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By: Joseph Rwagatare
My brief sojourn in Egypt ended two days ago. I am back in these milder climes. It has been baking hot out there, but much better compared with farther north across the Mediterranean. There it was roasting.
And in the middle of the heat wave, nature did her thing: brought down rain and hailstone and landslides and interrupted the Tour du France.
But baking or not, people here still go to work, and work hard, in factories making things that are driving the economy, on farms (yes, even there) and on construction sites.
Cairo is one huge construction site. Cranes stick out everywhere, in the middle of the rubble of old and dangerous buildings that have been pulled down in crowded risky areas, the equivalent of amanegeka here, or the desert sand where new ones are being erected. But Cairo is so congested that this alone cannot fix it.
So a completely new administrative capital is being built. It is a huge city, on an area four times the size of Paris according to officials of the company building it.
Apart from marvelling at the amount of work done in the stifling heat, I discovered (actually confirmed) how Africa is so divided by our different experiences as to make its parts so distinct from each other.
Yes, we live in Africa and are proud to be identified as Africans but we also live in such different parts of the continent and know very little about other parts that we might well be from different continents. That is true even for journalists.
The programme that brought us to Cairo drew participants from different parts of the continent: east, west, south and the horn. Priority concerns and viewpoints about one another were strikingly diverse.
Take the example of the extreme weather conditions. East Africans linked them to climate change and expressed worries that it is bound to get worse if action to reverse conditions that contribute to it is not taken soon.
For those from north, west and the horn of Africa that was not the biggest worry. They have lived with extreme and harsh weather for a long time.
They are more concerned with a different sort of immediate and violent extremism: religious radicalism and terrorism.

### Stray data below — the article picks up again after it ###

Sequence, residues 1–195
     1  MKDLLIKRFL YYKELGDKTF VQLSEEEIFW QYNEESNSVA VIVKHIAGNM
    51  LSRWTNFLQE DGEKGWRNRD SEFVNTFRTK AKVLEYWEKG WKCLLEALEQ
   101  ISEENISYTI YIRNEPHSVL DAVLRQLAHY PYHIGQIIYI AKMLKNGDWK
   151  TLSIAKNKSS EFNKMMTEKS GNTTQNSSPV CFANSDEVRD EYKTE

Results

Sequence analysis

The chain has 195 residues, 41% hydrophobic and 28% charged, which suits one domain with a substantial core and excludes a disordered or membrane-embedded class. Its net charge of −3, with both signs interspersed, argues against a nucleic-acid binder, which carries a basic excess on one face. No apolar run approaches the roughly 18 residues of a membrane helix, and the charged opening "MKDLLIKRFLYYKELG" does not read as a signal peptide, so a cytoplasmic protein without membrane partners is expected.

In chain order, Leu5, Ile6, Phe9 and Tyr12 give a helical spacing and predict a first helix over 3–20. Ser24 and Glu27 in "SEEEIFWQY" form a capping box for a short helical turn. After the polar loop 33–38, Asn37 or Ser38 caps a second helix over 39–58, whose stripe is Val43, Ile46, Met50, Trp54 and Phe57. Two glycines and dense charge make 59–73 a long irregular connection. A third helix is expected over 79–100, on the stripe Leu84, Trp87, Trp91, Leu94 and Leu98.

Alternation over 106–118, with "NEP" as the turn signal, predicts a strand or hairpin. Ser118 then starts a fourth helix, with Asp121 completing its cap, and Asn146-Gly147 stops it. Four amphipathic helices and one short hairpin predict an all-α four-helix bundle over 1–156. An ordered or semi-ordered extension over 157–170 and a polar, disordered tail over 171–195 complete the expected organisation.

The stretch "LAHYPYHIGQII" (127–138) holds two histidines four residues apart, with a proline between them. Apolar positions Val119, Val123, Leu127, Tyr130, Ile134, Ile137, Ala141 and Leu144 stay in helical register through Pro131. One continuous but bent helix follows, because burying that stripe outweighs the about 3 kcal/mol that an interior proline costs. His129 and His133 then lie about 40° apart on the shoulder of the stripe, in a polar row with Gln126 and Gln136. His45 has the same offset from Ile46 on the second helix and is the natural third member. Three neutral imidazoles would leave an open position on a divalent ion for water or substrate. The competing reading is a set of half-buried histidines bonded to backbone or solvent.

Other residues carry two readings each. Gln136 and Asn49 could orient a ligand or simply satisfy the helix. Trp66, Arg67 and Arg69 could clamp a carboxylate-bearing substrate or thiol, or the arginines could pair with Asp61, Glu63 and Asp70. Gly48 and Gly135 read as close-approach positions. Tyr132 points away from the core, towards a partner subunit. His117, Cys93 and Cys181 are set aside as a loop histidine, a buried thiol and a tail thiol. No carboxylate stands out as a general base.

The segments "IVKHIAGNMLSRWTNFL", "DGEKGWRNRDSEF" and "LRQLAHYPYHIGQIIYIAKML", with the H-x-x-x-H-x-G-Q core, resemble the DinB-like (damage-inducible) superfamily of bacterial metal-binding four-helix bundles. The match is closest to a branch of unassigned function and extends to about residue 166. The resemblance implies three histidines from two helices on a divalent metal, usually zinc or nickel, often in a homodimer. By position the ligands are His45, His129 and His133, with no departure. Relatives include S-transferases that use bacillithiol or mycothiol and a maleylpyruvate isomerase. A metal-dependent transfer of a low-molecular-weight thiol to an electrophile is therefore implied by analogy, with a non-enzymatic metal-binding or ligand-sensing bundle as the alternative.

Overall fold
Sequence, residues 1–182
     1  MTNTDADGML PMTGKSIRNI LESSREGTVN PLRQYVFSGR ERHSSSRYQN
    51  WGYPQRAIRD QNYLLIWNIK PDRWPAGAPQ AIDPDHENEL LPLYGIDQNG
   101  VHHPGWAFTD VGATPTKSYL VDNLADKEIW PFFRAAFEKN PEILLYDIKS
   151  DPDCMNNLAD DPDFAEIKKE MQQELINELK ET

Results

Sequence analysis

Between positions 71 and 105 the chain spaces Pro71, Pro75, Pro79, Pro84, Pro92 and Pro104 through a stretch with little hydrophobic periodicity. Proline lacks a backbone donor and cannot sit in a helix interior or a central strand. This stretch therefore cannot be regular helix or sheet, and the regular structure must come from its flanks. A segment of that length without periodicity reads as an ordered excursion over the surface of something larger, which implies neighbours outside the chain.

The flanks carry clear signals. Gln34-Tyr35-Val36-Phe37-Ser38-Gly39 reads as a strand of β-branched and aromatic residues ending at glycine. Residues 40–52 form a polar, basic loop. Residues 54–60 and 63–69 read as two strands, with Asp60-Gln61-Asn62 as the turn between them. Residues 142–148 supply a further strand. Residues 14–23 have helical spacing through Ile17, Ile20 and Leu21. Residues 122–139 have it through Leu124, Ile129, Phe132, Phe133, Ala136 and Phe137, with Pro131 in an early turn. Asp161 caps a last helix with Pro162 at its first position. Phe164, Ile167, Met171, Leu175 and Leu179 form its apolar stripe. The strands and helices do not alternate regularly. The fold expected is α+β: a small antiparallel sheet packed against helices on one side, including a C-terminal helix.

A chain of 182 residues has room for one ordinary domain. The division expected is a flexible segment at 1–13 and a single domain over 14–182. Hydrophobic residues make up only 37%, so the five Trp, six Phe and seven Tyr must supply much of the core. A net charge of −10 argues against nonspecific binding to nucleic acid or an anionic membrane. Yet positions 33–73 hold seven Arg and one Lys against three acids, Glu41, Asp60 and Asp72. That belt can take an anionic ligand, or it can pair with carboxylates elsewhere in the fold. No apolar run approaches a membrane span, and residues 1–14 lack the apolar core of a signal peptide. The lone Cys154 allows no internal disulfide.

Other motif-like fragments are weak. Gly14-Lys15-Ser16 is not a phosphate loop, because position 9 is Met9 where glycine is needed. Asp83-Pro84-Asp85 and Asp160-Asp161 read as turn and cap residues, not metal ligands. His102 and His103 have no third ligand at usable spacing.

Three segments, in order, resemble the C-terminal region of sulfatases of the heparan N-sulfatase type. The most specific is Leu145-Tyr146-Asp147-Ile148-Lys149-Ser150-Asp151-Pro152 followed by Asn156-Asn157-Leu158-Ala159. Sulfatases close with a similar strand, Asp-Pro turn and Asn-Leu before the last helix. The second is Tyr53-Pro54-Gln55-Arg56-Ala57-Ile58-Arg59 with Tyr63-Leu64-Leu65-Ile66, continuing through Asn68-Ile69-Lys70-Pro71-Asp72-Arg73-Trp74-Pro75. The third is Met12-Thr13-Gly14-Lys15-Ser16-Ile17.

Participants from these regions raised this sceptre hanging over them at every opportunity and implored Egypt as the current Chair of the African Union (AU) to place it at the centre of the AU’s agenda.
Very likely Egypt will oblige considering they have concerns of their own in Sinai and with the Muslim Brotherhood.
For participants from southern Africa, that seemed to be far from their thinking. It is happening far away and does not directly affect them.
They appear to be satisfied with the level of political stability in their region which is guaranteed by the Southern African Development Community (SADC) in ways that, for instance, the East African Community (EAC) does not.
SADC leaders seem to operate in a collegial manner, and because of this it is difficult to imagine a quarrel between them or their countries breaking out and threatening the stability of the whole region. Any such attempt and the others will all come down hard on the one trying to get out of line.
This approach has its roots in the solidarity built during the liberation struggle against a common enemy. And even if some of them preside over stronger economies and command more powerful military, none wants to appear superior or demand deference.
That is probably why southern Africans are rather amused at the way East Africans conduct their public affairs and inter-state relations, in a quarrelsome, noisy and fractious manner.
They see a fierce and unusual competition for power and dominance among leaders who do not meet as colleagues (as in the South) but more as rivals.
For some this rivalry is rooted in the different liberation experience in East Africa, whether for independence or from bad rule. Here each struggled on their own, dictated largely by the different colonial situation or post-colonial experience in each country.
For instance, in Kenya it was determined by settler colonialism, in Tanzania a United Nations Mandate and in Uganda protectorate rule. There was already a separateness which influenced the way each responded to the particular circumstances, unlike in the south where there was more liberation coordination.
East Africa is situated between the south, west and north. Its people’s attitudes also stand somewhere between. They are near enough to the terrorism-threatened areas to experience some of its impact but still feel it is far off.
They are close enough to the south to understand their puzzlement with what happens in the rest of the continent without necessarily sharing their detachment.
Regional peculiarities determine how people view others and what their priorities are. What happens in other parts appears distant and none of our business.
That may perhaps explains why even at the AU urgency and consensus about certain issues is difficult to reach.
It falls on the media to break these barriers of information and understanding among Africans about themselves. The first task in this is to stop relying on others to inform us about us.